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As part of the RISC-V workshop, Dave Patterson gave a talk on computer architecture. He recently retired from UC Berkeley, and in another sense it was a career retrospective. He did let drop that he is working with Google so his retirement doesn’t seem to involve the traditional golf course.
Instruction set architecture (ISA) began in some ways with the IBM 360 in 1964. This was the first ISA defined as the interface between hardware and software. Of course, all earlier computers had instruction sets, but there was no real differentiation between the instruction set and the implementation, and in many cases the bits of the instruction word directly controlled muxes and other aspects of the hardware. In fact, that was part of the problem IBM had. They had built up four lines of computers for different markets, with different hardware architectures, and different peripherals, and so had ended up with four different instruction sets, too.
A couple of years earlier, Maurice Wilkes at Cambridge had come up with the idea of microcode. He had gone on to be the head of the Computer Laboratory by the time I was an undergraduate there—he gave the first course I ever took on networking. The idea of microcode was that RAM was really slow (ferrite core), ROM was really fast, and gates were expensive and hard to design. So why not design the control unit with what Wilkes called “microprogramming”? Wilkes never built a microprogrammed computer, it was just a technical paper, but he had some authority since he was one of the few people in the world who had built a computer by 1958, being the lead of the team that had earlier built EDSAC. See my post ENIAC, EDSAC...and the Difference Engine.
However, microprogramming caught the attention of the IBM designers and they decided implement this unproven academic idea. They decided to replace their entire range of all four product lines with a single instruction set across the range, with a single new set of peripherals. A program that ran on any of the computers would run on any other. Nobody had thought to do that before. Tom Watson Jr, the CEO of IBM at the time, bet the company on the idea.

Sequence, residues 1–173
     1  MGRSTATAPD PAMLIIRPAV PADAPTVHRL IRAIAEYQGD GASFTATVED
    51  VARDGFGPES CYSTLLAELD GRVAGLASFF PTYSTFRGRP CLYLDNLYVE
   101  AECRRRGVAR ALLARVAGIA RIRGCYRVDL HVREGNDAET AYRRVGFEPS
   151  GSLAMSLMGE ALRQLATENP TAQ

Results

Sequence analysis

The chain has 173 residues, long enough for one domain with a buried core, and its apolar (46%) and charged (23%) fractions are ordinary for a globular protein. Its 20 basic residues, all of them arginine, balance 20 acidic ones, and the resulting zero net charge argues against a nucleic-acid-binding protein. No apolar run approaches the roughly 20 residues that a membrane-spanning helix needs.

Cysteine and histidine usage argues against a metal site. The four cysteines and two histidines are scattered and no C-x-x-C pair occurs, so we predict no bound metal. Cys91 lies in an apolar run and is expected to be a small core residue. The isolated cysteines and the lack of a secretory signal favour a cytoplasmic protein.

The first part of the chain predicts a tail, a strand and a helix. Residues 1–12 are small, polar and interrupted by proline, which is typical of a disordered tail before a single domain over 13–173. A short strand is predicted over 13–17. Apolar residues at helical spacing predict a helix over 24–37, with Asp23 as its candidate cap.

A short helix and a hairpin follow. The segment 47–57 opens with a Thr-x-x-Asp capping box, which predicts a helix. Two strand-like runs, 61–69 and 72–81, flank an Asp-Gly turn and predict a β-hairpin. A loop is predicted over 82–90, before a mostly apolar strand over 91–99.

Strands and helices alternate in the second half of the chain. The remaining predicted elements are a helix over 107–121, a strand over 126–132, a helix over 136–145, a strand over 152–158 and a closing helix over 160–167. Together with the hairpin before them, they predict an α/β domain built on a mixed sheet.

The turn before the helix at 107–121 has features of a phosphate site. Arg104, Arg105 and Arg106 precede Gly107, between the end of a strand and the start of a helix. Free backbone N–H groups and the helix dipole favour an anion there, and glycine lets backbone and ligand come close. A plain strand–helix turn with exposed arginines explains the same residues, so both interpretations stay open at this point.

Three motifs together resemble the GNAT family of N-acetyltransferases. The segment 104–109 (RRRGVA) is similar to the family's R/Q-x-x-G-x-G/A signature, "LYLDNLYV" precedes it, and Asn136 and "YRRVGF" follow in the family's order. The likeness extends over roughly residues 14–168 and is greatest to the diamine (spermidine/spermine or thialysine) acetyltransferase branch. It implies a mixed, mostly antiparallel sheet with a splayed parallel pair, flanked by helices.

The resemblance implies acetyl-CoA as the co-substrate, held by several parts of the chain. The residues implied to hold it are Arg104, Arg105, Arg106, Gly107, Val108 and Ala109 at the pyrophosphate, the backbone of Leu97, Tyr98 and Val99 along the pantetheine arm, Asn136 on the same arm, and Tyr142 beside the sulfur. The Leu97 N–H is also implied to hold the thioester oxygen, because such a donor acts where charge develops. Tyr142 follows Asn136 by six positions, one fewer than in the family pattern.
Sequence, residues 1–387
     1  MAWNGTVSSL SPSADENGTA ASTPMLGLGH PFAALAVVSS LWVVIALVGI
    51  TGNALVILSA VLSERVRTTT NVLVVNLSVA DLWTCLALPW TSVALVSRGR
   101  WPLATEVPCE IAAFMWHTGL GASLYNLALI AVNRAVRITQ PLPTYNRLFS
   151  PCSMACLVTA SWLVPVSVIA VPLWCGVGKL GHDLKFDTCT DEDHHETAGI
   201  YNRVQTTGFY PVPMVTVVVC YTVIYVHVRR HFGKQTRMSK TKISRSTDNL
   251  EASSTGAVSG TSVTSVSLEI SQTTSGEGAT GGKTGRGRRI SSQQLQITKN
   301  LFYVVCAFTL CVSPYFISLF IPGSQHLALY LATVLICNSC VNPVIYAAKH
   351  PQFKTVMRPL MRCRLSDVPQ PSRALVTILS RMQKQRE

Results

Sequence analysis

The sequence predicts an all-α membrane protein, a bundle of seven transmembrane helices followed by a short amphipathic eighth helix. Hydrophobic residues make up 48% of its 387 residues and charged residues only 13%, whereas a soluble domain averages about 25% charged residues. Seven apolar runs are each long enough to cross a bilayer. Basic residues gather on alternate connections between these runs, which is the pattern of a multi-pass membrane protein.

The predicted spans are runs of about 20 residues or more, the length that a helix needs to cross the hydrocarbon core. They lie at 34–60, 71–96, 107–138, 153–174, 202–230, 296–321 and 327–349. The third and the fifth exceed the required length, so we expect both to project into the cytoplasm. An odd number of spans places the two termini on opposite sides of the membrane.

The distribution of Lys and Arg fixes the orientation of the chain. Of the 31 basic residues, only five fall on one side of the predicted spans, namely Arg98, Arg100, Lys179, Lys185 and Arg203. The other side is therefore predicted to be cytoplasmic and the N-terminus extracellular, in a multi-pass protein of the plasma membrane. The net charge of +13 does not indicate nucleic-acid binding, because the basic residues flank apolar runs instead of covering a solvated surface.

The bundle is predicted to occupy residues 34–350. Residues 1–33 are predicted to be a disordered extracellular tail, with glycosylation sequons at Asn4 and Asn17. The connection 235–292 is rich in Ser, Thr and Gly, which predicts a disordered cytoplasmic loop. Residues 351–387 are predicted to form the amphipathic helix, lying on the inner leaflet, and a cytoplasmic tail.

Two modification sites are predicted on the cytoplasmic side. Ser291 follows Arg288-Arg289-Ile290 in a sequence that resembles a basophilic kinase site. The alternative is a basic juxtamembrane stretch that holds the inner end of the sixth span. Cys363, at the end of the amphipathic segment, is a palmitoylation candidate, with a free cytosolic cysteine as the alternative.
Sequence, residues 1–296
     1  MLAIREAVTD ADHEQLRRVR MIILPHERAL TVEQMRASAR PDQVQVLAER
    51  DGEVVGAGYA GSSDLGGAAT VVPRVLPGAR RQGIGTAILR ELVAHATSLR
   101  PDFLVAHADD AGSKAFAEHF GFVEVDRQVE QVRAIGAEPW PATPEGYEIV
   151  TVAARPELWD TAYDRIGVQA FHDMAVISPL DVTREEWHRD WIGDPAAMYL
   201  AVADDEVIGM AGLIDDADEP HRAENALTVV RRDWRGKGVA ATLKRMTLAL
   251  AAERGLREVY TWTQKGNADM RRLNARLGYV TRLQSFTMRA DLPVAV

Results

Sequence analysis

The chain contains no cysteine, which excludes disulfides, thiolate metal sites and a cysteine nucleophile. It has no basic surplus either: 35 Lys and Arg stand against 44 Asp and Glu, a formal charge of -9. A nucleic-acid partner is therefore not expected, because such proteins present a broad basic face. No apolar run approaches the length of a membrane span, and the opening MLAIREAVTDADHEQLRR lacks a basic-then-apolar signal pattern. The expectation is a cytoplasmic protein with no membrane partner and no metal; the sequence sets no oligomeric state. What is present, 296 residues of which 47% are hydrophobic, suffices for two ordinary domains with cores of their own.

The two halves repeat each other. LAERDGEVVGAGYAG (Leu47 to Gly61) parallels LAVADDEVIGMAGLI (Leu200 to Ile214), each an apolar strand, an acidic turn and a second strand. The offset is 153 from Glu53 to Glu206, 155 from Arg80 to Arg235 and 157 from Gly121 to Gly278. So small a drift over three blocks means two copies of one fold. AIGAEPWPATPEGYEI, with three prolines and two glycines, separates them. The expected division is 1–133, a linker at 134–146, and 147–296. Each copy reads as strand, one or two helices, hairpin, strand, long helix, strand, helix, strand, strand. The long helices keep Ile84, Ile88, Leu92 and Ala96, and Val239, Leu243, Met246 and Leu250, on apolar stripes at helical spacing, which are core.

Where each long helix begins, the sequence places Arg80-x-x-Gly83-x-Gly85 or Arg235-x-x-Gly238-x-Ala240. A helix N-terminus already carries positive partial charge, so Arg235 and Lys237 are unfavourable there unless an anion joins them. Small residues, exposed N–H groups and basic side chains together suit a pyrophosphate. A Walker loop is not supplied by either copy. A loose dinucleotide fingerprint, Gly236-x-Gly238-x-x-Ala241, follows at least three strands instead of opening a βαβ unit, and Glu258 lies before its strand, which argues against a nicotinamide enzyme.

Luckily, the bet paid off and the 360 range was a huge success financially for IBM. It was a huge success from a technical point of view, too. All mainframes that IBM produced for decades had that same ISA, and today, 70 years later, there is still a line descended from it. It is also why bytes are 8 bits long, since until then they had been 6 bits (nobody used lower case, why would you need more bits for a character?).
The initial range was huge. The lowest performance entry didn’t even have registers, they were just held in memory, and it had an 8-bit datapath with 30nsec/level logic implementation. The high end had transistor registers, a 64-bit datapath and 5 nsec/level logic. The price, which was actually an annual rental fee since you couldn’t buy one outright, varied across a big range too, from $48K per year at the low end up to $270K per year at the high end (about $0.5/y to $3M/y in todays dollars).
So that day, April 7, 1964, was the creation of “binary compatibility”, where a program written in a particular ISA would run on any implementation of that ISA. But it was very brave. Nobody since has ever announced six compatible computers on the same day.
Then integrated circuits came along which changed the cost equation. ROM no longer had a different performance from RAM, and every year there were more and more transistors. So what everyone did was to build bigger and bigger microprograms which allowed more and more complicated instruction sets. This was the age of the complex instruction set computer (CISC) perhaps best exemplified by DEC’s Vax 11/780 in 1978.